Following a series of attacks that left over 100 people dead in Paris, France on Friday, French President Francois Hollande declared a state of emergency which closed the country’s borders and gave the government heightened access into the lives of its citizens.

Reuters reported that “about 100 people were killed in the Bataclan concert hall in central Paris” and an additional “40 others have died in other locations,” such as busy restaurants and bars in and around Paris, after they were attacked by gunmen and bombers.

After reports of multiple attacks in Paris surfaced around 4 p.m. eastern, the Associated Press reported at 6:20 p.m. eastern that one of six different attacks across the city left at least 100 people dead, “inside a Paris concert hall where attackers seized hostages,” and that “security forces have ended their assault on a concert hall filled with hostages, killing at least two attackers.”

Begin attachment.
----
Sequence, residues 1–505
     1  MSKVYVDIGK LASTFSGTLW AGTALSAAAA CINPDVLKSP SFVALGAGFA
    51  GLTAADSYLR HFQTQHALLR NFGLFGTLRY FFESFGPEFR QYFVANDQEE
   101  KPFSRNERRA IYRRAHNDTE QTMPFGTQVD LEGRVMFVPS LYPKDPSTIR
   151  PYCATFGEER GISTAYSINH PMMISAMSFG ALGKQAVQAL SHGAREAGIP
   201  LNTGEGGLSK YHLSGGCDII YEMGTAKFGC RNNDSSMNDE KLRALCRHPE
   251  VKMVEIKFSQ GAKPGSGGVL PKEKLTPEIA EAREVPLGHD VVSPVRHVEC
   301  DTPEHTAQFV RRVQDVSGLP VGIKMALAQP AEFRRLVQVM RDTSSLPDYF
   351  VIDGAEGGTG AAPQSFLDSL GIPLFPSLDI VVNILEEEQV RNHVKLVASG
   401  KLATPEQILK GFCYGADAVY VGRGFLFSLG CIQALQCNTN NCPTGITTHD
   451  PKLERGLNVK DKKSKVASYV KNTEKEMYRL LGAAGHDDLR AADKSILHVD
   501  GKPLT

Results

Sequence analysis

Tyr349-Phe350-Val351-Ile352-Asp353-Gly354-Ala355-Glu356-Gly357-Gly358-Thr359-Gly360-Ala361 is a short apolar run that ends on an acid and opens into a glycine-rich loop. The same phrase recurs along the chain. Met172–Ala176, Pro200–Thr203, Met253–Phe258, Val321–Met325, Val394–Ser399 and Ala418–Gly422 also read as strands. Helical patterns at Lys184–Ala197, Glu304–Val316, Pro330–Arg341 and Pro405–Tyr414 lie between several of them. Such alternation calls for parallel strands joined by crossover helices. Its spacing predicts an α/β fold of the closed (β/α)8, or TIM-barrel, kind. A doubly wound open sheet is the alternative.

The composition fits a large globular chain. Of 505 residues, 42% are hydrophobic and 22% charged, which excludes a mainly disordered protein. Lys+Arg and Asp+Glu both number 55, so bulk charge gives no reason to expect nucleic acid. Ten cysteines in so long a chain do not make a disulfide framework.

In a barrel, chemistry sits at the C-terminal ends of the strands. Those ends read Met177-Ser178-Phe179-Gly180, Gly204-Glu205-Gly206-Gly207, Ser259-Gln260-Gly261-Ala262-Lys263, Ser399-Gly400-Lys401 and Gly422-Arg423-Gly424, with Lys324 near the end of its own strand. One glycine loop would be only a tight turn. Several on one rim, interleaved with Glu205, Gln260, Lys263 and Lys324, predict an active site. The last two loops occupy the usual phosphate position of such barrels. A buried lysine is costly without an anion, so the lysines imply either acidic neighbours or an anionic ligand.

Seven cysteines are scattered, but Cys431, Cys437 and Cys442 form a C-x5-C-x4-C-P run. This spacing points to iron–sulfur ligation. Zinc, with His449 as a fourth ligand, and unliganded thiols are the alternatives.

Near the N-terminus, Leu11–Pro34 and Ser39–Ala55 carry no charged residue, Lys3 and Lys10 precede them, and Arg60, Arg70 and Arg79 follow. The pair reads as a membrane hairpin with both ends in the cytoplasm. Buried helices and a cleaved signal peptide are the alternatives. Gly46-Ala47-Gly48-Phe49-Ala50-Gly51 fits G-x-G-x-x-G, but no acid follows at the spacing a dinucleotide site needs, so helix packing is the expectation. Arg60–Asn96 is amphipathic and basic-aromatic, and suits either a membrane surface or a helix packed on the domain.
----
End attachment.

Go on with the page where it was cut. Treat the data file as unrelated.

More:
During an emergency midnight cabinet meeting (6 p.m. eastern), roughly two hours after the attacks were reported, Hollande declared that the country was under a “state of emergency.”

“What the terrorists want is to make us afraid, to seize us with fear,” Hollande said. “There is something to be afraid of, but faced with this fear, there’s a nation which defends itself and mobilizes itself and which will once again be able to overcome the terrorists.”

Hollande called for military to assisted local police, and said that the choice to close France’s borders was “to assure ourselves that no one can enter to commit any act, whatever that may be.”

According to Article 16 of the French Constitution of 1958, when the “integrity of its territory or the fulfilment of its international commitments are under serious and immediate threat, and where the proper functioning of the constitutional public authorities is interrupted,” the French has the power to call for a state of emergency, after consulting with the Prime Minister, the Presidents of the Houses of Parliament and the Constitutional Council.

A state of emergency in France gives the government the power of censorship, as well as the authority to “regulate or forbid circulation and gathering in some areas,” close places of gathering altogether, and “conduct house-to-house searches at any time without judicial oversight.”

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